Healthy sleep: Are your children getting enough?

September 20, 2016 in Family Caregiving  •  By Miles Varn
healthy sleep for children

With the school year underway, making sure your children get enough healthy sleep each night is a priority. Inadequate or poor quality sleep can affect your child’s mood, ability to learn, and overall health and well-being. Building a healthy sleep routine can help make sure your child gets the right amount of good quality rest each day.

How sleep impacts your child’s health

Several studies have examined the potential health risks associated with too little healthy sleep:

  • Increased risk of becoming overweight: A number of researchers have found an association between too little sleep and an increased risk of becoming overweight or obese. Lack of sleep can cause changes in several hormones, including leptin, ghrelin, insulin, cortisol, and growth hormone, which effect appetite and satiety, diabetes risk, inflammation in the body, and healthy growth. Another study found an association between bedtime for preschoolers and obesity in the teen years. The researchers found that preschoolers who go to sleep by 8 pm were significantly less likely to become obese teens compared to those who went to bed one or more hours later.
  • Risk of heart disease in later life: Children with sleep problems experience more brain arousal while sleeping, which causes their glucose and cortisol levels to remain high during the night, a time when those levels drop in those who do not have sleep problems. Over time, consistently higher glucose and cortisol levels may increase the risk for diabetes and some forms of heart disease.
  • Lowered ability to fight infections: While you sleep, your body produces proteins called cytokines, which help defend against infections such as colds and flu. If your children do not get enough sleep, fewer cytokines may be produced. Some studies have found a link between getting more sleep and fewer cold and flu infections in teens.
  • More problems with focus, attention, and learning: The prefrontal cortex and amygdala, two parts of the brain involved in organization, attention, and emotional control, are particularly susceptible to sleep deprivation. Children who do not get enough sleep have more problems paying attention and completing tasks successfully in school and are more likely to have trouble controlling their emotions. Sleep problems can also lead to the misdiagnosis of ADHD. One study found that 28% of the children studied who did not get enough sleep had symptoms of ADHD, but did not have the disorder and their symptoms stopped when they got enough rest.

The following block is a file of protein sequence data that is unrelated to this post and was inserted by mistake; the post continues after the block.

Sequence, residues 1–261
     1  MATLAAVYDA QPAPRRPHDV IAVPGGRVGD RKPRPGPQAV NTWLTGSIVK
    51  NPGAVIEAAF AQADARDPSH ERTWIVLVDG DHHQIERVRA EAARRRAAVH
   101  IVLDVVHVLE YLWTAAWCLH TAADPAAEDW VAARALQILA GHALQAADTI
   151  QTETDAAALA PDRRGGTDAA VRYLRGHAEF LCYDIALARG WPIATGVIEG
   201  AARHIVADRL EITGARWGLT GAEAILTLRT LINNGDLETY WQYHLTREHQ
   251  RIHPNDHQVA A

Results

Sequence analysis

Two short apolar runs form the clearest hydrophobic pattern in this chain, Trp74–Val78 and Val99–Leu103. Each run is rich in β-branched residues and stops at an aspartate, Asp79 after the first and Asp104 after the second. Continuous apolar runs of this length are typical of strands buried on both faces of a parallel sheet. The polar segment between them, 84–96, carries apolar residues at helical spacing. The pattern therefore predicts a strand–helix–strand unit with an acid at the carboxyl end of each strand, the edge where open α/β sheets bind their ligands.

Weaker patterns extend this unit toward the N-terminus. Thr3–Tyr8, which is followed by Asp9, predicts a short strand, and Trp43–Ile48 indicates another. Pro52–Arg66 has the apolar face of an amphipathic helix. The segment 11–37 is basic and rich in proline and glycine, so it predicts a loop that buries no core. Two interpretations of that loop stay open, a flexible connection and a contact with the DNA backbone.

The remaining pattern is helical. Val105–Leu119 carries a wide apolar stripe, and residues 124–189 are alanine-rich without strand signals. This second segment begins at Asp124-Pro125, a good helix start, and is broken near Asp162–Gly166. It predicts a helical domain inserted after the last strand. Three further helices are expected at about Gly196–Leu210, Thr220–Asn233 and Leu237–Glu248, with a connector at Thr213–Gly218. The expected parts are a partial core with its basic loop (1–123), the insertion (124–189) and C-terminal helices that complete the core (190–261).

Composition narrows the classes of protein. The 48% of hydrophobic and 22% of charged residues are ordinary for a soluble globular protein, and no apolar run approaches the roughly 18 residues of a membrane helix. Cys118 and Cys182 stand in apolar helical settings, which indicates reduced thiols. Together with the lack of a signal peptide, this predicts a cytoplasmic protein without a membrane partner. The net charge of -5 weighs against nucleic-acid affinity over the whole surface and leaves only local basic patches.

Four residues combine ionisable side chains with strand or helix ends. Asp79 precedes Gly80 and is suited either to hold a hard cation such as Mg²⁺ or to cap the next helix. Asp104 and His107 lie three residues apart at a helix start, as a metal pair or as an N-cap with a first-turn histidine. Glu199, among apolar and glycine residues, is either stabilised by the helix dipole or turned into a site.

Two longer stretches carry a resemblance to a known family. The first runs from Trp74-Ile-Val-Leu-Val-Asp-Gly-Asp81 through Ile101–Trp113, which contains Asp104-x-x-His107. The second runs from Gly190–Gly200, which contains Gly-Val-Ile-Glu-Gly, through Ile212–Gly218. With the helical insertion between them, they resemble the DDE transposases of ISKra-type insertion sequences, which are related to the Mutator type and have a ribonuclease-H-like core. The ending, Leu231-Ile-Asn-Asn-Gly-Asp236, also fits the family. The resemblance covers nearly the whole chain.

Healthy sleep strategies to help your children get the rest they need

How much sleep your children need each night depends on their age. The American Academy of Sleep Medicine advises that children between the ages of 3 to 5 need 10 to 13 hours per day, including naps; those between the ages of 6 and 12 need 9 to 12 hours; and teens need 8.5 to 9.5 hours a night.

To encourage your children to get the rest they need to be healthier, it’s wise to establish and stick to a regular night time routine and bedtime. Other strategies that can help you children sleep well include:

  • Being physically active during the day
  • Keeping their bedroom dark and cool
  • Avoiding drinks and foods that contain caffeine, such as dark chocolate and some sports drinks
  • Implementing a “no screens” rule within two hours of bedtime and in the bedroom that includes computers, TVs, cell phones, tablets, and game systems, since recent studies have found that the light from these screens may lower the body’s production of melatonin, a hormone that helps regulate sleep and wake patterns

If you child has ongoing problems falling and staying asleep, talk with your pediatrician. A range of health issues, including sleep apnea and snoring, can disrupt sleep and can be remedied with treatment.


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